Re: [RFC] Adocacy Paradigm Shift: Perl - the Language for Smart People

2011-03-10 Thread Shlomi Fish
On Tuesday 08 Mar 2011 17:41:19 Louis-Philippe wrote:
 Some stand on the idea that learning a new language is worth it these days
 if it brings you to new programming paradigms and/or new possibilities.  In
 that light, I see Bash scripters could be seduced by Perl, but the gang in
 the Cool-Factor-Zone/Ruby/Python are mostly inclined to move toward Erlang,
 Scala, Clojure, Haskell, Objective-C, Javascript...  not Perl, because as
 flexible and great as Perl can be it doesn't offer much new advantages to
 these peoples.  

Well, one thing I like about Perl is the fact that lists are not references:

http://use.perl.org/~Shlomi+Fish/journal/36493

It allows for some nice tricks. I also like that in Perl operators are not 
ambiguous (i.e: we have ., + and , which are the same operator in Python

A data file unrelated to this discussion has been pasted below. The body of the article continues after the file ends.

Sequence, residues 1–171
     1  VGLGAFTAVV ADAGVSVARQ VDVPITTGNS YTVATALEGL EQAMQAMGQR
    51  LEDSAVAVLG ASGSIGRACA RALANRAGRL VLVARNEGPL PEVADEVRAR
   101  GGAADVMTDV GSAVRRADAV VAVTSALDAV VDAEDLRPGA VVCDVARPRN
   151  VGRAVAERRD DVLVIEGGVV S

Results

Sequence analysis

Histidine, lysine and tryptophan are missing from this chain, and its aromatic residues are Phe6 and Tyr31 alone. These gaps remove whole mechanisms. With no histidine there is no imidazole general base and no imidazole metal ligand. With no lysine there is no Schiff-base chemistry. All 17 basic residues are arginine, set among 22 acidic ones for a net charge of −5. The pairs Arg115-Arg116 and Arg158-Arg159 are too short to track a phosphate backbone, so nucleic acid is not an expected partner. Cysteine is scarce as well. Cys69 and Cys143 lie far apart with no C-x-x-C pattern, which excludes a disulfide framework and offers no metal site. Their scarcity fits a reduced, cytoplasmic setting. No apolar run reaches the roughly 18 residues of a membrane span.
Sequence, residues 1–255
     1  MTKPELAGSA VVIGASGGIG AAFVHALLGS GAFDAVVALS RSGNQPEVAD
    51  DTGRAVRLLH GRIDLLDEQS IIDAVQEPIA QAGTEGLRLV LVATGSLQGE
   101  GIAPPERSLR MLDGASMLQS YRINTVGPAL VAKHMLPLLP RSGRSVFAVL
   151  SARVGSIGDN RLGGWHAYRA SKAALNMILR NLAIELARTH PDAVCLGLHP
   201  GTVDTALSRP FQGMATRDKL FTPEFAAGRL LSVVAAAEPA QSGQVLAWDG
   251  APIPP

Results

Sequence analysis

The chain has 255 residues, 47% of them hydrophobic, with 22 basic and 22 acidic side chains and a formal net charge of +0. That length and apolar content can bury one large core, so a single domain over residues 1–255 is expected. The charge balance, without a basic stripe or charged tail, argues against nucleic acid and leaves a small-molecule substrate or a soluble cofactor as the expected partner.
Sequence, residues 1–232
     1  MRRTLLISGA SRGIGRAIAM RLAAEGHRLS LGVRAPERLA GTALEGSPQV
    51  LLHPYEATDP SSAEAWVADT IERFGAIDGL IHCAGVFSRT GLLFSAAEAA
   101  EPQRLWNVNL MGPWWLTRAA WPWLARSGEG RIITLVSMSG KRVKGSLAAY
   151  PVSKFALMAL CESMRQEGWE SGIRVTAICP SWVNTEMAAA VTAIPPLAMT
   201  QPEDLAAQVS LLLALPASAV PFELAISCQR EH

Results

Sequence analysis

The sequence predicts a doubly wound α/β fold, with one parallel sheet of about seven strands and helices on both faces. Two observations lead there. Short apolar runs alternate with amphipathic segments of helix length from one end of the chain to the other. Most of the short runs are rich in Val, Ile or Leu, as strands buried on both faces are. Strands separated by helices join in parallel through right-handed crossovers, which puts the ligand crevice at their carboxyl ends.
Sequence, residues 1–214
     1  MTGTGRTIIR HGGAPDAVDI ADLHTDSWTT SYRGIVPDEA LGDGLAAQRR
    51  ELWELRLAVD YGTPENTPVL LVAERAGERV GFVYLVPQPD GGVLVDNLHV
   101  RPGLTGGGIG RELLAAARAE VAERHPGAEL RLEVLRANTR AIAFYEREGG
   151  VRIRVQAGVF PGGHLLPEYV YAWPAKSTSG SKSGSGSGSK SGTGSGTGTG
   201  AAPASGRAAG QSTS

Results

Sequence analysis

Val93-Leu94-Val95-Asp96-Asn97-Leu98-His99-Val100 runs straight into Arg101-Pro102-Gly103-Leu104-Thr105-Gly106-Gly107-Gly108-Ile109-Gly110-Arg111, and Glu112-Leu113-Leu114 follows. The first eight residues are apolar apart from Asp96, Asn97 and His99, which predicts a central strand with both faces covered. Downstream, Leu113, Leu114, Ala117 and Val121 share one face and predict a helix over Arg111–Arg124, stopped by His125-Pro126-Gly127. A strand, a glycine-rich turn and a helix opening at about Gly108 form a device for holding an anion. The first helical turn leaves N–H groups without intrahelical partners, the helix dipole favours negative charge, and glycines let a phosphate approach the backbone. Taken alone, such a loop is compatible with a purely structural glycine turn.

and other languages). I also prefer Perl's Moose to Ruby's built-in OOP which 
seems much less powerful and less flexible (though Ruby still has a cleaner 
syntax). These may not be such earth-shuttering advantages.

Naturally, Perl people often say they stay in Perl due to CPAN, which is very 
comprehensive and which has very good infrastructure. It's hard to know how 
many people will want to write a program that incorporates many different use-
cases, that is more often than not, very possible using CPAN (so-called 
mashups - only not necessarily web-based ones). Some people told me that 
most programmers hate the There is more than one way to do it philosophy of 
Perl.

And naturally, we may need to just create usable CMSes similar to WordPress or 
Drupal which people can install on their servers, and it also seems I was 
unhappy with all the web-devel frameworks I've tried (with Catalyst, that is 
the king of the hill being the complex and idiosyncratic framework that it 
is.)

 I think Perl should learn to get back to enviable position
 by looking at the programming language ecosystem in general and ask itself
 where it is positionned in this jungle and what is it's unique offer.  IMHO
 one good cousin to compare to is Lua...  there is not much Cool-Factor in
 there, but it offer unique features:  is really small, embedable,